Director Aronofsky has confused matters a little by situating the linear story in a framing narrative of a history of cyclical recurrence. He is of course entitled to his own religious views, but I think this was an aesthetic mistake. The linear story at the film’s core is powerful enough, and it accounts for almost all of the movie’s running time. As a lifelong Religion Bore, I thought this movie was very thought-provoking, but it’s not for everyone. The violence is intense and, on one occasion, especially disturbing.

Most Popular

PC Culture

Hate-Crime Hoaxes Reflect America’s Sickness

On January 29, tabloid news site TMZ broke the shocking story that Jussie Smollett, a gay black entertainer and progressive activist, had been viciously attacked in Chicago. Two racist white men had fractured his rib, poured bleach on him, and tied a noose around his neck. As they were leaving, they shouted ... Read More
Politics & Policy

The Strange Paradoxes of Our Age

Modern prophets often say one thing and do another. Worse, they often advocate in the abstract as a way of justifying their doing the opposite in the concrete. The result is that contemporary culture abounds with the inexplicable — mostly because modern progressivism makes all sorts of race, class, and ... Read More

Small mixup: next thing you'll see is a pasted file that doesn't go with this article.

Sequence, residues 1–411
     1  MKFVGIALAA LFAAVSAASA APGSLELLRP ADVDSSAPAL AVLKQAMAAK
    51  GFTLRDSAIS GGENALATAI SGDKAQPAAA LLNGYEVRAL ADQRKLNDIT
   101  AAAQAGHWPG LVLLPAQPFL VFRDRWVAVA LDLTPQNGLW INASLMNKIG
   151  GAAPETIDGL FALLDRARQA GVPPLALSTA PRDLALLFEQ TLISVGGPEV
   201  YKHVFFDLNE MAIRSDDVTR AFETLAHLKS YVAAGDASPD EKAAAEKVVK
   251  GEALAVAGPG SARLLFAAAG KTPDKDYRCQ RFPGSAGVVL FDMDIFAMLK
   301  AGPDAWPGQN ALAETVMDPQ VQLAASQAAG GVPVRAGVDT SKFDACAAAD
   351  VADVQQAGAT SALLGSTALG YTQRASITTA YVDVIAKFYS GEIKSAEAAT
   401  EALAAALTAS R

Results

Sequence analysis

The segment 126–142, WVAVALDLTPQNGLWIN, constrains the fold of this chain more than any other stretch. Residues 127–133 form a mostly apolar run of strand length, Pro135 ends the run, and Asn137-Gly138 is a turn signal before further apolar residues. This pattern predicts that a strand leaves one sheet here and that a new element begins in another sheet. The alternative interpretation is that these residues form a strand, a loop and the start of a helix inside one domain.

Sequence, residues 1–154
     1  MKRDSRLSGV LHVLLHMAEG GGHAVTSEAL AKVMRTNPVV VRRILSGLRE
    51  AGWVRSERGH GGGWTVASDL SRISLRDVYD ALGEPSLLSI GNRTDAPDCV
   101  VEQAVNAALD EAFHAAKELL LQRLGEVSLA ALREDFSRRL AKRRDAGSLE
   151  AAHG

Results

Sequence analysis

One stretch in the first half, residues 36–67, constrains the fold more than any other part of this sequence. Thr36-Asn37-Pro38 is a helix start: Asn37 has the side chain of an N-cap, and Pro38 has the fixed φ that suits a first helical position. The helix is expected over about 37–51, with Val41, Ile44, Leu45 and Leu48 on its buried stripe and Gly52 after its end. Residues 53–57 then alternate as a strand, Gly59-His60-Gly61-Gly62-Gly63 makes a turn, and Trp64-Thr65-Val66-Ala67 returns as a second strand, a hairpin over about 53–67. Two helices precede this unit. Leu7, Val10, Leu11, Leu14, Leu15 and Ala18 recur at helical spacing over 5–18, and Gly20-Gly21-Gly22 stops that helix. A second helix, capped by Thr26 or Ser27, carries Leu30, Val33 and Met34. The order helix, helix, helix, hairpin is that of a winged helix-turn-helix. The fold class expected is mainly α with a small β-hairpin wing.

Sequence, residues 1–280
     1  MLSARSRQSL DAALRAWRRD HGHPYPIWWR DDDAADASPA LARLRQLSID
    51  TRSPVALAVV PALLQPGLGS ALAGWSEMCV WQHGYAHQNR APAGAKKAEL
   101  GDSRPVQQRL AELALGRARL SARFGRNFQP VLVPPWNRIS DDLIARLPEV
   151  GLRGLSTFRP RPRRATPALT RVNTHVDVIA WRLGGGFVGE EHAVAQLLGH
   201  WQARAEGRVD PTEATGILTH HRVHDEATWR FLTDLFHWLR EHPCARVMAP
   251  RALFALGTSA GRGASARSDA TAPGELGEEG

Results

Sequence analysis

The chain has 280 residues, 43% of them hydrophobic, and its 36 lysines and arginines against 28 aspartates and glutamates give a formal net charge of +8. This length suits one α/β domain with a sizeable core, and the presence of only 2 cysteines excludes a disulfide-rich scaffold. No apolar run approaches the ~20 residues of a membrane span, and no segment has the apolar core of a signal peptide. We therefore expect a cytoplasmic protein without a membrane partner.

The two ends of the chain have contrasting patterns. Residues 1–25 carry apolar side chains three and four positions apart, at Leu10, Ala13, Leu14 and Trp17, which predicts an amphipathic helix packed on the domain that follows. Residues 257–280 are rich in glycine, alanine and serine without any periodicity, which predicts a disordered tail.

PC Culture

Fake Newspeople

This week, the story of the Jussie Smollett hoax gripped the national media. The story, for those who missed it, went something like this: The Empire actor, who is both black and gay, stated that on a freezing January night in Chicago, in the middle of the polar vortex, he went to a local Subway store to buy a ... Read More

White Progressives Are Polarizing America

To understand how far left (and how quickly) the Democratic party has moved, let’s cycle back a very short 20 years. If 1998 Bill Clinton ran in the Democratic primary today, he’d be instantaneously labeled a far-right bigot. His support for the Religious Freedom Restoration Act, the Defense of Marriage Act, ... Read More

Ilhan Omar’s Big Lie

In a viral exchange at a congressional hearing last week, the new congresswoman from Minnesota, Ilhan Omar, who is quickly establishing herself as the most reprehensible member of the House Democratic freshman class despite stiff competition, launched into Elliott Abrams. She accused the former Reagan official ... Read More

One Last Grift for Bernie Sanders

Bernie Sanders, the antique Brooklyn socialist who represents Vermont in the Senate, is not quite ready to retire to his lakeside dacha and so once again is running for the presidential nomination of a party to which he does not belong with an agenda about which he cannot be quite entirely ... Read More
PC Culture

Merciless Sympathy

Jussie Smollett’s phony hate-crime story could have been taken apart in 24 hours, except for one thing: Nobody wanted to be the first to call bullsh**. Who will bell the cat? Not the police, and I don’t blame them. Smollett is a vocal critic of President Donald Trump who checks two protected-category ... Read More